Vitamin D could unravel several mysteries about how we react to COVID-19

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What correlation exists between low vitamin D levels and hyperactive immune systems, how does this influence how we react to COVID and how vitamin D could be used most effectively to protect against COVID-19 complications – these were just a few of the questions to which researchers at Northwestern University sought answers.

The research team performed statistical analysis of data from numerous hospitals and clinics in China, France, Germany, Italy, Iran, South Korea, Spain, Switzerland, the United Kingdom and the United States. After studying global data from the new coronavirus pandemic (COVID-19), the researchers found a strong correlation between severe vitamin D deficiency and mortality. Vitamin D strengthens innate immunity and prevents hyperactive immune reactions. The finding could explain several mysteries, including why deaths among children are unlikely to occur due to COVID-19.

The researchers noted that patients in countries with a high mortality rate due to COVID-19, such as Italy, Spain and the United Kingdom, had lower levels of vitamin D compared to patients in countries that were not so severely affected. This finding has been cautiously communicated so that people, especially those without a known deficiency, won’t start using vitamin D supplements.

While he thinks it’s important for people to know that vitamin D deficiency could play a role in mortality from the new coronavirus, “we don’t have to focus on that,” said Vadim Backman, who led the research in Northwestern and who is the director of the Northwestern Center for Genomics and Physical Engineering.

Backman and his team considered examining vitamin D levels after noticing unexplained differences in COVID-19 mortality rates across countries. Other research has suggested that differences in the quality of care, age distribution of the population, test rates, or different strains of coronavirus may be responsible. But Backman remained skeptical. He says that “none of these factors seem to play a significant role.”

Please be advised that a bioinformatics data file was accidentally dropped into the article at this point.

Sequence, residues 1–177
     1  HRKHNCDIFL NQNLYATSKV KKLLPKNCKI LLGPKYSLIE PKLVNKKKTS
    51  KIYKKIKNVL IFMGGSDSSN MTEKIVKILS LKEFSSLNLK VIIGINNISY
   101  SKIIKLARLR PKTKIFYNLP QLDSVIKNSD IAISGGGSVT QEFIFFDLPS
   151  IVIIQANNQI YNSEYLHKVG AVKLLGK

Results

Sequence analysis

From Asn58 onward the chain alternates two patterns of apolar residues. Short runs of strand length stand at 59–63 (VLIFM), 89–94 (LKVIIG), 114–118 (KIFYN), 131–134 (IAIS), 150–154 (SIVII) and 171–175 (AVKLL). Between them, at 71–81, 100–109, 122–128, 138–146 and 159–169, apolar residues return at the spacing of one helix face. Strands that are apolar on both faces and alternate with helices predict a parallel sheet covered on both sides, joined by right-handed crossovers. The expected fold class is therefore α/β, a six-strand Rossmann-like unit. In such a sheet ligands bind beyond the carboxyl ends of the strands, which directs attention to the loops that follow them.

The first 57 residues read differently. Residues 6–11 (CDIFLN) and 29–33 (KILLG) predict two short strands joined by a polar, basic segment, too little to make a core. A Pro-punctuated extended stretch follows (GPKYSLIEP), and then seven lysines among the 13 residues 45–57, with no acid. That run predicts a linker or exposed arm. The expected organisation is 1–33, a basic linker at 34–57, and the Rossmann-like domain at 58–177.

The correlation found between vitamin D levels and the cytokine storm – a hyperinflammatory condition caused by an overactive immune system – is as strong as the correlation between vitamin D deficiency and mortality.

“The cytokine storm can severely damage the lungs and lead to acute respiratory distress syndrome and the death of patients,” Daneshkhah said. “This condition appears to be the cause of death in most COVID-19 patients, not the destruction of the lungs by the virus itself.”

Vitamin D improves the innate immune systems, but also prevents our immune systems from becoming dangerously hyperactive. This means that a healthy level of vitamin D could protect patients from severe complications, including death from COVID-19.

In light of this research, people should not take excessive doses of vitamin D, because they may face negative side effects. More research is needed to know how vitamin D could be most effectively used to protect against COVID-19 complications.

It is still difficult to know what dose is most beneficial for COVID-19, but it is clear that vitamin D deficiency is harmful, and can be easily addressed with proper supplementation, primarily through a balanced diet. This could be another key in helping to protect vulnerable segments of population, such as the elderly, who have vitamin D deficiencies. A suitable and recommended method of vitamin D supplementation is a balanced long-term diet.

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